Clashes erupt in Yemen hours before planned truce

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Source:   —  April 10, 2016, at 9:43 PM

Yemen'south Saudi-backed government and its Iranian-allied Houthi enemies were set to implement a U. N.-backed cessation of hostilities from midnight (two thousand one hundred GMT) before talks to finish the year-old war start in Kuwait on April eighteen.

Fighting broke out N of Yemen'south capital and in the middle of the country on Sunday, killing more than twenty people, hours before a truce was due to arrive into force to alleviate peace talks.

Yemen'south Saudi-backed government and its Iranian-allied Houthi enemies were set to implement a U. N.-backed cessation of hostilities from midnight (two thousand one hundred GMT) before talks to finish the year-old war start in Kuwait on April eighteen.

The United Nations hopes this will lead to a more concrete, formal ceasefire with confidence-building measures.

The war has killed more than 6.200 people, drawn in rival regional powers Saudi Arabia and Iran and triggered a humanitarian crisis in one of the Arab world'south poorest countries.

In the capital Sanaa, controlled for the last eighteen months by the Houthis, residents said they desperately wanted this attempt at peace to succeed after two rounds of talks failed last year.

"I'm tired of the fighting, the destruction, everything," said Hussein Ali, a 57-year-old government employee.

"The situation is very challenging for people without work, without electricity, without water, and with the fear that, at any moment, bombardment could murder those dear to us."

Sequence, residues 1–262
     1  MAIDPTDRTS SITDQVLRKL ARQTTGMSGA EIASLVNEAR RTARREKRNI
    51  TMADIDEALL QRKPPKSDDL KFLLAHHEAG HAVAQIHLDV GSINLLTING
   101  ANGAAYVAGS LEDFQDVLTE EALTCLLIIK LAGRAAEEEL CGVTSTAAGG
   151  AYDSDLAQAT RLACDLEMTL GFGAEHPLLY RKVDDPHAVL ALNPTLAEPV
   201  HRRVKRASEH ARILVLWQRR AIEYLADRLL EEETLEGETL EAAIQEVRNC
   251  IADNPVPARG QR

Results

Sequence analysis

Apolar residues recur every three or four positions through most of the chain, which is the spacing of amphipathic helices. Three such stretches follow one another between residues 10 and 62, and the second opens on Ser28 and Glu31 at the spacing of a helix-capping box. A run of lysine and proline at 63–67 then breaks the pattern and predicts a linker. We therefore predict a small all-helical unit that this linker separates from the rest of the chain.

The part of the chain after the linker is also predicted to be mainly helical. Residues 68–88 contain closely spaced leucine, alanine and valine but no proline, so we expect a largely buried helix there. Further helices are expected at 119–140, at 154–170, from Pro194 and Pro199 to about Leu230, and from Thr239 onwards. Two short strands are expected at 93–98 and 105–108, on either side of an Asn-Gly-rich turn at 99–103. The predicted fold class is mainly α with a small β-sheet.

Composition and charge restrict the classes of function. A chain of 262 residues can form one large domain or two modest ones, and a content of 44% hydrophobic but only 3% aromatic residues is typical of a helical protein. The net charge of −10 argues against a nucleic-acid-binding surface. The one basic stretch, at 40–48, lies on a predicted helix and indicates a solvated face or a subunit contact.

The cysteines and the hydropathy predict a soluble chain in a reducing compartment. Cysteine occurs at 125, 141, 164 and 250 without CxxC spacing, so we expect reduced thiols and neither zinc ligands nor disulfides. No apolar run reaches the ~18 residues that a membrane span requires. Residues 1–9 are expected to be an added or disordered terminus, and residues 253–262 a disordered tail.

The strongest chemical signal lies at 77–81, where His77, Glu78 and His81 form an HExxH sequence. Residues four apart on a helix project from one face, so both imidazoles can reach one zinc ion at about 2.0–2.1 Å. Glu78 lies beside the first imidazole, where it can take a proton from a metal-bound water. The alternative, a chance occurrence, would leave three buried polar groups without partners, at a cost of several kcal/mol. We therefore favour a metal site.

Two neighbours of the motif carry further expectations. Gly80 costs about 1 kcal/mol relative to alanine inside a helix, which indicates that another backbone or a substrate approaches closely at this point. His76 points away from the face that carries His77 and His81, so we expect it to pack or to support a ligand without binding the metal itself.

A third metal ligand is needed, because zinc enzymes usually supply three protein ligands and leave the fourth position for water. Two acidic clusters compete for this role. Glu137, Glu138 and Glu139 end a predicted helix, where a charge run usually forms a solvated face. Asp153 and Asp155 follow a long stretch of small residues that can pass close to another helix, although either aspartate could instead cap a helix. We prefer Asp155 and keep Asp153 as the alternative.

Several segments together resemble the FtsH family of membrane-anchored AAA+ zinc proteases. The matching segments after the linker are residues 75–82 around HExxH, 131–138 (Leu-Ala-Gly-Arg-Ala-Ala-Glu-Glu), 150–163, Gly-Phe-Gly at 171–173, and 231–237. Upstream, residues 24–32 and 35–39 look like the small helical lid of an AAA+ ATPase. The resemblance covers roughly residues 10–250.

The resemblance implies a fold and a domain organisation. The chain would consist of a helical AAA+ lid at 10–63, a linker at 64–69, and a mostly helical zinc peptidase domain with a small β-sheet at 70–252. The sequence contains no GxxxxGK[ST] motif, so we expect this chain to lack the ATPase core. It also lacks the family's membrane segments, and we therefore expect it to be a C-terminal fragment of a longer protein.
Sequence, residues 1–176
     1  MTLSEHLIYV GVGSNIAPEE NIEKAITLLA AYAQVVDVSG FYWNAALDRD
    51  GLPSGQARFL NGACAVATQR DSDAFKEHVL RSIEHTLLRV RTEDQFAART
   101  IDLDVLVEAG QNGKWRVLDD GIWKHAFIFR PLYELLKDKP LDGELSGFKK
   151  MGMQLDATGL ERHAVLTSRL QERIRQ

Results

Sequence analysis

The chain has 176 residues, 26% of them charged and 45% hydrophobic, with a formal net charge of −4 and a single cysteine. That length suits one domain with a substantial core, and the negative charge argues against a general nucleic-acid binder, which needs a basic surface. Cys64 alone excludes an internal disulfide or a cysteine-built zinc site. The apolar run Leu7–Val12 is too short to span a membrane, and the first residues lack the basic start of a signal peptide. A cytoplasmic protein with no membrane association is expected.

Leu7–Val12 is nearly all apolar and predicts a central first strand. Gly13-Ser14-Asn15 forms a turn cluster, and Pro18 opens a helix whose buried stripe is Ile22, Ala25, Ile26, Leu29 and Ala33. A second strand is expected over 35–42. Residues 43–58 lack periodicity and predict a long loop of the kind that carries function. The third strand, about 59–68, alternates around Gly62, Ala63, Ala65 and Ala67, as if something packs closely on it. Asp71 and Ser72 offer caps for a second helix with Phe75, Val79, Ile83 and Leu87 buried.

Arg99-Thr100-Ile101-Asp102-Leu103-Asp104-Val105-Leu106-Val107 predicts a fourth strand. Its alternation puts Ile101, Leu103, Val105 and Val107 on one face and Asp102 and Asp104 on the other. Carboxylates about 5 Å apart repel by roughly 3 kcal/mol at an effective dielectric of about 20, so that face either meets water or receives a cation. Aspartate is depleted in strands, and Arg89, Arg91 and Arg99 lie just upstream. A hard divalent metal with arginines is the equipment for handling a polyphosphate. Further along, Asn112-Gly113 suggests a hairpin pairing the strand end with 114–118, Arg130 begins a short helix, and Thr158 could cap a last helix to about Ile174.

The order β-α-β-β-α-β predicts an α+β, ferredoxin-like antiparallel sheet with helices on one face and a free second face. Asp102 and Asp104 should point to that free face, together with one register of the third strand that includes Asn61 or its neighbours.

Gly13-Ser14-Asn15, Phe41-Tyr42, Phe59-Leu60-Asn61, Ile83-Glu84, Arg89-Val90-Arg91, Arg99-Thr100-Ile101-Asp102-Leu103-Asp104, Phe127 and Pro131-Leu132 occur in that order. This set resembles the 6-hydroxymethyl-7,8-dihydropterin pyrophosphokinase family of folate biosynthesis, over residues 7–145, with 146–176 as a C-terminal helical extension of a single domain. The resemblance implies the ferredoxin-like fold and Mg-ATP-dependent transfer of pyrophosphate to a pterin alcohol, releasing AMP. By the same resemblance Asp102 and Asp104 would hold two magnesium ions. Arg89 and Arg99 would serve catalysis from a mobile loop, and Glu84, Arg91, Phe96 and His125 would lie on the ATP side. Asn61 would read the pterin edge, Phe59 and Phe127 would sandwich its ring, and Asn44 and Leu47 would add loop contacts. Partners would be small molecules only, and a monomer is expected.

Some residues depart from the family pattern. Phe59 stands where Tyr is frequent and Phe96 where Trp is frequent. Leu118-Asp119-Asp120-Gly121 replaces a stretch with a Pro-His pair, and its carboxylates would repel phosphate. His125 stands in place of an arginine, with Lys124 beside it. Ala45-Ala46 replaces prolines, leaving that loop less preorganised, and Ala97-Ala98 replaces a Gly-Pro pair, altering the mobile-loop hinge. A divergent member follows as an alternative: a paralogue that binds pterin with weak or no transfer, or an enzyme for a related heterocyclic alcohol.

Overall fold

But hours before the fighting was due to stop, heavy battles flared between forces faithful to President Abd-Rabbu Mansour Hadi and Houthi fighters in al-Maton, N of Sanaa, residents said.

In the central Bayda province, battles in the districts of al-Sawadiya and al-Zaher killed more than twenty people, local executive and residents said, and fighting continued in the southwestern city of Taiz.

"I hope that, when I wake up in the morning, the war has stopped," said 16-year-old learner Amal Ahmed in Sanaa, "and I can go to school, my classmates too, without being afraid of raids and death."

Hadi, whose forces are backed by a Saudi-led military coalition that's been carrying out air strikes for the past year, met his advisers in Riyadh on Sunday, Yemeni officials said.

They said the Houthis hadn't yet informed the United Nations about their latest position on the agreement to stop fighting. A spokesman for the Houthis couldn't immediately be reached for comment.

(Writing by Sylvia Westall; Editing by Kevin Liffey)

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